L.A post-hardcore band Touché Amoré have printed T-shirts celebrating the death of homophobic pastor and Westboro Baptist Church founder Fred Phelps. Tees with the words "Good Riddance" printed beneath a picture of Phelps's face were sold on their website, with all proceeds going to Human Rights Campaign, an American LGBT rights group. Despite the T-shirts selling out, some fans were not too impressed with the move, slamming the T-shirts as "poor taste" and "fucking stupid".
The band released a song called "wehatefredphelps.com" in 2008 after going to multiple Westboro Baptist Church protests and speaking to church members, and have said that the T-shirt is an updated version of their original demo merchandise. In a statement on their Facebook page, they explain:
"The original shirt had a line from the song, 'we’d love to see you in the ground,' in the place where 'Good Riddance' is now... Here we are years later, and the man has died. We got messages saying we should reprint the design, so we thought 'we'll do an updated version and have the proceeds go to benefit what the man lived the last years of his life trying to dismantle.'
We feel there is beautiful irony in selling an image of a bigot and using the profit towards achieving equality for exactly what they hated. Is it in poor taste? Depends on your taste buds. Poor taste to me is creating an evil cult to protest funerals, discriminate love, and who's website is godhatesfags.com if you wanna just slightly scratch the surface."
The death of the homophobic church leader has split public opinion: how do you commemorate the death of such a reviled public figure (if at all)? Some, like Matilda child star and writer Mara Wilson, are openly pleased about Phelps' passing.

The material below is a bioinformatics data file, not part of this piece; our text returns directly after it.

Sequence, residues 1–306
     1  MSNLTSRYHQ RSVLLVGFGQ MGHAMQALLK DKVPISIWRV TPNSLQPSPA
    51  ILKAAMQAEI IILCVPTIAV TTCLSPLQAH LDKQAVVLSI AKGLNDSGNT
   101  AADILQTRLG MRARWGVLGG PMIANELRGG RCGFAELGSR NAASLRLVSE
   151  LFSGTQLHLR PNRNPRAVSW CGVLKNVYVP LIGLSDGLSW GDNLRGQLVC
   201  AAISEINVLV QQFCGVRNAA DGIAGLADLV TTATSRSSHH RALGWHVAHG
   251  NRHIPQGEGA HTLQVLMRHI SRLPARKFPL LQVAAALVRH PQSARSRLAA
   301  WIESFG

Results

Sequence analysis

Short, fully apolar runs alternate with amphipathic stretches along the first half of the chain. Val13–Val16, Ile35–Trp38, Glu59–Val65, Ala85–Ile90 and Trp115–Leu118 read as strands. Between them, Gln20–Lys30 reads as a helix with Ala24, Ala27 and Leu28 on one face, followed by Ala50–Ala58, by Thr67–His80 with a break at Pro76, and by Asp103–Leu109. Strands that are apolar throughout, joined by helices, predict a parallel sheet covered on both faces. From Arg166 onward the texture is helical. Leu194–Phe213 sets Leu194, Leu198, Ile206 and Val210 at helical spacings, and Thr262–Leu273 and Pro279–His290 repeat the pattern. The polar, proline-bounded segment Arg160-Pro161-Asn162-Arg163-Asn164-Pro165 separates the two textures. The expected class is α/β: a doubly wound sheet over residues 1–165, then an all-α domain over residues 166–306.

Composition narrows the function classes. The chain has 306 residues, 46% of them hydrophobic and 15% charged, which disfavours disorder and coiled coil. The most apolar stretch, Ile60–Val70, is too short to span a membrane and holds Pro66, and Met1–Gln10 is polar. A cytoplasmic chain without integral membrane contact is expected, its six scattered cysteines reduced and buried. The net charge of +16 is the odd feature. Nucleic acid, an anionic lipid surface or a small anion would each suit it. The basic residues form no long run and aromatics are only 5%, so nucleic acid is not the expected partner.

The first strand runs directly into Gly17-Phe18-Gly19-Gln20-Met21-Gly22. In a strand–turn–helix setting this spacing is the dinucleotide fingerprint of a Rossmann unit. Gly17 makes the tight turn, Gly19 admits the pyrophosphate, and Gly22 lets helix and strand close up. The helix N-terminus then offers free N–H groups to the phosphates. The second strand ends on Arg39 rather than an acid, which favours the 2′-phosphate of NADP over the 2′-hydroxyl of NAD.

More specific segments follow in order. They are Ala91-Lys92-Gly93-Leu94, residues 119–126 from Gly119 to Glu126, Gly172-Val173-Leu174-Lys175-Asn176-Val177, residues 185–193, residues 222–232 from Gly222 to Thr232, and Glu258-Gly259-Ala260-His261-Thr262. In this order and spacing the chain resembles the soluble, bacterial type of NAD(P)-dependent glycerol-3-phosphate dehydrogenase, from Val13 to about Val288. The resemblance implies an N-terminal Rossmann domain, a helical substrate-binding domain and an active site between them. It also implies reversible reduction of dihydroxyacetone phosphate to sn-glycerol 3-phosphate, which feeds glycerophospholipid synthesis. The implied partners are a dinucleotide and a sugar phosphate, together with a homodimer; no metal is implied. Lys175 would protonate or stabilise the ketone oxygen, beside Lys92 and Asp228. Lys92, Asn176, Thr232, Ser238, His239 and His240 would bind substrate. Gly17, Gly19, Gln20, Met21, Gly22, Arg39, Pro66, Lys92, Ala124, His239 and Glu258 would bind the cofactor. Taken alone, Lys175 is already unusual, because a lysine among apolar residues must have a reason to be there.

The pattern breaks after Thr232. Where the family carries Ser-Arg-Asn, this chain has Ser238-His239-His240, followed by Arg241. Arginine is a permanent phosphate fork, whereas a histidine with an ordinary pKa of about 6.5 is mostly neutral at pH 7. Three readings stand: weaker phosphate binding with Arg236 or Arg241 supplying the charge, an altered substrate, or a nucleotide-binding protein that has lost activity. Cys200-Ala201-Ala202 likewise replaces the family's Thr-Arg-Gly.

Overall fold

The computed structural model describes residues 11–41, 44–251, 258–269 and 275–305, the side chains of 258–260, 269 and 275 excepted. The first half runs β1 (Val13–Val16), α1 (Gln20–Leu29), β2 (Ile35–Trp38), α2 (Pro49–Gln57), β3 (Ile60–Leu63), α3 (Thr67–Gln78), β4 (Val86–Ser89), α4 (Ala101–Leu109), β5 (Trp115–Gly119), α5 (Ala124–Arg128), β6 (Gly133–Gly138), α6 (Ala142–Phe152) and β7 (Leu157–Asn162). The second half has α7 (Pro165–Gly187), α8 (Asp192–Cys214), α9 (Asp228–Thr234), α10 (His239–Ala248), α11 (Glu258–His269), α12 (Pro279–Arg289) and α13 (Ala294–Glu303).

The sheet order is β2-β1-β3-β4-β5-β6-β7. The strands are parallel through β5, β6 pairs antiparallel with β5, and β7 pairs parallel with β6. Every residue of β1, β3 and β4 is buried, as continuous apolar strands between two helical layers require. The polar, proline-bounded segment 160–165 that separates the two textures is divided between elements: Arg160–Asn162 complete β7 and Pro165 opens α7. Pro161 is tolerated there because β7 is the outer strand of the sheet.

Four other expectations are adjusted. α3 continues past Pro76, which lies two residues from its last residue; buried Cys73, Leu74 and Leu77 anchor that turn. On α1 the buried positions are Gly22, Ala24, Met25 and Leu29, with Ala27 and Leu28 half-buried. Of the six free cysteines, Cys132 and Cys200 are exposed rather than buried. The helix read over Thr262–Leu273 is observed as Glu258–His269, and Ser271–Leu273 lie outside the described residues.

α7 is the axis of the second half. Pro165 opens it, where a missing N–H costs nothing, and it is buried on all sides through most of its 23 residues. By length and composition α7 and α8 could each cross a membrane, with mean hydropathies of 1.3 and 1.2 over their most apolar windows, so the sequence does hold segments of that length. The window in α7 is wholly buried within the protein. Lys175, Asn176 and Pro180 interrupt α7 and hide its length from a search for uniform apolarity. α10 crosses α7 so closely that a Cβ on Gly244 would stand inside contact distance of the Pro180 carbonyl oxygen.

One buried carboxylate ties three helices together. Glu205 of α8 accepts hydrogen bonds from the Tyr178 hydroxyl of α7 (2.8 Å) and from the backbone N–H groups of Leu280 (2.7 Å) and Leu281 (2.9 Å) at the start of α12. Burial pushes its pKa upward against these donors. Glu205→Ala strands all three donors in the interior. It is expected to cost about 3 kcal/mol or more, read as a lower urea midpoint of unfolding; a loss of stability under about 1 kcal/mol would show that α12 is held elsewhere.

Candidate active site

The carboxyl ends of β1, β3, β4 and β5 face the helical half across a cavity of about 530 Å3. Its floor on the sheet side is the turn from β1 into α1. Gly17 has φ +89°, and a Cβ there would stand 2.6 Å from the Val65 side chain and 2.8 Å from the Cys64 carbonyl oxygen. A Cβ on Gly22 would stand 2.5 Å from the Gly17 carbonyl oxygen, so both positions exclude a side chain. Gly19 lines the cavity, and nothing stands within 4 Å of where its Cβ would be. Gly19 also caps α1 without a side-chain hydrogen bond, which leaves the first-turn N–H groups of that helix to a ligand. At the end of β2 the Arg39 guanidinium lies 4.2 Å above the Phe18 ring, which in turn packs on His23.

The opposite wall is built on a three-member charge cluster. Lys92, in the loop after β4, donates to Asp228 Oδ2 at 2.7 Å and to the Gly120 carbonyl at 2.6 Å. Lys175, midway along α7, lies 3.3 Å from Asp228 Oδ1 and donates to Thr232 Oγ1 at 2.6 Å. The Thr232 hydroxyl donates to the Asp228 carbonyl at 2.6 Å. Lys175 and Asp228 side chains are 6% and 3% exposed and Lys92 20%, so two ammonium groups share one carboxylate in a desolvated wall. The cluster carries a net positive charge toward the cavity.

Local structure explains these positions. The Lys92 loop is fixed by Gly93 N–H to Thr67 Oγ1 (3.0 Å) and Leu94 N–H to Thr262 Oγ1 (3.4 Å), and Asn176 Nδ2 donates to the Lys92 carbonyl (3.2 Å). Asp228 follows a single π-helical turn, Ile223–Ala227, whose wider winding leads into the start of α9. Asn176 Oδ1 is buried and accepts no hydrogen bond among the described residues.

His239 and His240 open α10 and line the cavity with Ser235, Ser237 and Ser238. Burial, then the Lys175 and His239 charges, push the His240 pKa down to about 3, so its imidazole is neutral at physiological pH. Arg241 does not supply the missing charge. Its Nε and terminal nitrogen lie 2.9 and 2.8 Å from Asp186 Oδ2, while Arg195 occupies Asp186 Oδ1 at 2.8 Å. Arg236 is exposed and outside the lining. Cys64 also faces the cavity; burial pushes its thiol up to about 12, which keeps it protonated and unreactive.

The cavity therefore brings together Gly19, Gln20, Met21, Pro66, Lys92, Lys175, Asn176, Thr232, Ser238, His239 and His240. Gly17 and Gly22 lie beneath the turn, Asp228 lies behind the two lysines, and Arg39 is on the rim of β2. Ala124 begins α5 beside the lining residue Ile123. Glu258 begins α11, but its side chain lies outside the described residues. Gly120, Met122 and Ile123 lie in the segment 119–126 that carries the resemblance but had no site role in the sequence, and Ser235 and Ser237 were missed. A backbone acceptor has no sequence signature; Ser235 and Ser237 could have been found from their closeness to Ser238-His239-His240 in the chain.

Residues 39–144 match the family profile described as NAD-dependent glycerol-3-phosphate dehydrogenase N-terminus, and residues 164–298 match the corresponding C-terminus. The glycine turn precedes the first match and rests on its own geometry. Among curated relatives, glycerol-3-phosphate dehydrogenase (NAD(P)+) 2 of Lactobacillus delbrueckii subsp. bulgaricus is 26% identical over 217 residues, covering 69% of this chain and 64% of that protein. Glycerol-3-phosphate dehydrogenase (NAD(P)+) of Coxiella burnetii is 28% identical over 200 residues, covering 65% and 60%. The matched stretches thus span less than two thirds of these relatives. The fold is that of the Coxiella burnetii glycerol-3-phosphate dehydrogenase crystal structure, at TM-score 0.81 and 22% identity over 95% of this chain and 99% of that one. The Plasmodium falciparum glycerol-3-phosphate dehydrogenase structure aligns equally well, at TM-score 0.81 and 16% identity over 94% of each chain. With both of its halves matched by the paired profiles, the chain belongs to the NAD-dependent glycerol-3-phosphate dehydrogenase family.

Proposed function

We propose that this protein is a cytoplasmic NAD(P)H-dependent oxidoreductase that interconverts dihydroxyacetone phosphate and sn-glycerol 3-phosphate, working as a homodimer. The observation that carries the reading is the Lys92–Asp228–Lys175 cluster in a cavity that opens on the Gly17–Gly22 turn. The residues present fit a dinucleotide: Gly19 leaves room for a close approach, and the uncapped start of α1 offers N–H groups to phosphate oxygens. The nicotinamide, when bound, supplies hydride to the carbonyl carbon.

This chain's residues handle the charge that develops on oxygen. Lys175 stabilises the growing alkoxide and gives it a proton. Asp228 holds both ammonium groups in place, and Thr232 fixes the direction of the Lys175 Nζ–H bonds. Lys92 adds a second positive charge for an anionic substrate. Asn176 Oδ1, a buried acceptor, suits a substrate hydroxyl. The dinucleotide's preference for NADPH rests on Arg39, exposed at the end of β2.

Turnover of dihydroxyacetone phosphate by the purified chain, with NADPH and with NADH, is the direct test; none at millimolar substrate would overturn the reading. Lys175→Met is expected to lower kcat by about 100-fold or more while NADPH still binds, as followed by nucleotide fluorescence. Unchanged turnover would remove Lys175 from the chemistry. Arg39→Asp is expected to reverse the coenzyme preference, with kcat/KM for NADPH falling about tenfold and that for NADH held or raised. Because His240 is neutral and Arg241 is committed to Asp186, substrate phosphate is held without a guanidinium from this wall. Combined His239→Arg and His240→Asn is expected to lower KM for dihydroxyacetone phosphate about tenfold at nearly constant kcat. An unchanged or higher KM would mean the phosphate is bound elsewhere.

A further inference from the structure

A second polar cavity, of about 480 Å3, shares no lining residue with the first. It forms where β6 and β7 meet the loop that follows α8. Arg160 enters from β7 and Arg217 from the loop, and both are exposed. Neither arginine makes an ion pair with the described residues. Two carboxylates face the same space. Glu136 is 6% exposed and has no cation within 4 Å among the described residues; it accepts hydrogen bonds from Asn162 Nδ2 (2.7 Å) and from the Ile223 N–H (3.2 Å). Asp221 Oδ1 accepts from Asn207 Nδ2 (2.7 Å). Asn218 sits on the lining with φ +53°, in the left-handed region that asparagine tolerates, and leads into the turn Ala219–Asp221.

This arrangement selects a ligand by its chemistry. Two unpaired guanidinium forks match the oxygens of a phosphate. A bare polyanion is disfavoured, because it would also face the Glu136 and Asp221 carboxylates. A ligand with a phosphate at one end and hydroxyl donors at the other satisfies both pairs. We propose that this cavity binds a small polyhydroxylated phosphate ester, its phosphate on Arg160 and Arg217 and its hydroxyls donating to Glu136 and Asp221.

People are saying I should forgive Fred Phelps because it's the Christian thing to do. But I'm Jewish. We hold grudges.— Mara Wilson (@MaraWritesStuff) March 20, 2014
Others are opting for a more Christian approach: Lorde encouraged her fans to kiss and forgive members of the Westboro Baptist Church that were planning to picket one of her shows. Outside her Kansas City concert, fans tried to kill the church with kindess, holding up banners with the words "SORRY FOR YOUR LOSS" and "LIVE YOUR LIFE AND BE AWESOME".
Sadly, this served as no deterrent to the ever-determined WBC. Long-time member Steve Drain said of the banner: “I don’t even know what they mean by what they’re saying.” In anticipation of their Lorde hatefest, the church even covered "Royals", albeit with bizarre WBC-esque lines like "cause every song you sing is bloodlust / sinning / trashing your creator":
What do you think about Touché Amoré's T-shirts? Do you think capitalising on someone's death, however evil they were, is wrong? Tell us what you think here:
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